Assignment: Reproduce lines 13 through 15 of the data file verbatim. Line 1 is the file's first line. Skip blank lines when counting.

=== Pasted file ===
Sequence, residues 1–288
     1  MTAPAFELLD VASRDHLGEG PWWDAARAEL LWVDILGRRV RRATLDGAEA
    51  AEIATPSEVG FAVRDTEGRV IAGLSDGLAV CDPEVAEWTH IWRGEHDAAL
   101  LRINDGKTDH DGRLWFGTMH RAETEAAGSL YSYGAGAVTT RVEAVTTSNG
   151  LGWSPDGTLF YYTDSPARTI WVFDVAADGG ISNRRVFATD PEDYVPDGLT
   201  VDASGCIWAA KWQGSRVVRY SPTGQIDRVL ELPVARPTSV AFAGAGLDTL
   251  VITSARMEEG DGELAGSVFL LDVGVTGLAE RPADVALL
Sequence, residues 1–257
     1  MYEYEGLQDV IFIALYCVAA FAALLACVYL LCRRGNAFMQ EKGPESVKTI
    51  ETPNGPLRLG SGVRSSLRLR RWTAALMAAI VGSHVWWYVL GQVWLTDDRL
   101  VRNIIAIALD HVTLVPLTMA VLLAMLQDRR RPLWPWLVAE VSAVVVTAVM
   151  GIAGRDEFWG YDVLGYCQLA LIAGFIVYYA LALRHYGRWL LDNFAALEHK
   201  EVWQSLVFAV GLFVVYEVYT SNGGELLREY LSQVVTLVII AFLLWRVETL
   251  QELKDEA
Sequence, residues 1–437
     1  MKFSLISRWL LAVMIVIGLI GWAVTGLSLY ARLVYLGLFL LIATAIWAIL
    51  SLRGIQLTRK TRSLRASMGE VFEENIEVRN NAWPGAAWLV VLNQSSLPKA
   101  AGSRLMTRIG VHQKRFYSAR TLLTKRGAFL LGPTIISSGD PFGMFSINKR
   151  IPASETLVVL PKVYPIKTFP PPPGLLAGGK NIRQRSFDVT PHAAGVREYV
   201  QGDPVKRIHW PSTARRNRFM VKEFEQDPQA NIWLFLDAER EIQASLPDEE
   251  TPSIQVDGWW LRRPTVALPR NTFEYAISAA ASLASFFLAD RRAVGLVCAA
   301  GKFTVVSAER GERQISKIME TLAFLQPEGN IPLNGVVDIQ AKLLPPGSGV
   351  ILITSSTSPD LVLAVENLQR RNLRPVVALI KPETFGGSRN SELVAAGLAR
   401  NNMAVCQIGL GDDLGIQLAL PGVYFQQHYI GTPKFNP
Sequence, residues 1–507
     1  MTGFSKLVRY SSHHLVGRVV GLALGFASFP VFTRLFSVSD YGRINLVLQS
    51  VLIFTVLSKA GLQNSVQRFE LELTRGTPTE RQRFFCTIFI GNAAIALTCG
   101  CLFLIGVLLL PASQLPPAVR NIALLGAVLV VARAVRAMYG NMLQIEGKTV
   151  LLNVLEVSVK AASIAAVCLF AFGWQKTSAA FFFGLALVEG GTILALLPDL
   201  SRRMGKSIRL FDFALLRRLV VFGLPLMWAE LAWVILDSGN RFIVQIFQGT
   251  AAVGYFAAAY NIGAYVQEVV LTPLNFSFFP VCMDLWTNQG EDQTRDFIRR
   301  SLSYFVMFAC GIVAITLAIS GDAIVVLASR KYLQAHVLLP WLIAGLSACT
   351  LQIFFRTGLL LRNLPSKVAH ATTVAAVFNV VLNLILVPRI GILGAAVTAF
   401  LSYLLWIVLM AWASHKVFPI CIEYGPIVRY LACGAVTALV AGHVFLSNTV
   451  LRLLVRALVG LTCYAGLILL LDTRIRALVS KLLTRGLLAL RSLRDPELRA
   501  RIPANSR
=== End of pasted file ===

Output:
   201  EVWQSLVFAV GLFVVYEVYT SNGGELLREY LSQVVTLVII AFLLWRVETL
   251  QELKDEA
Sequence, residues 1–437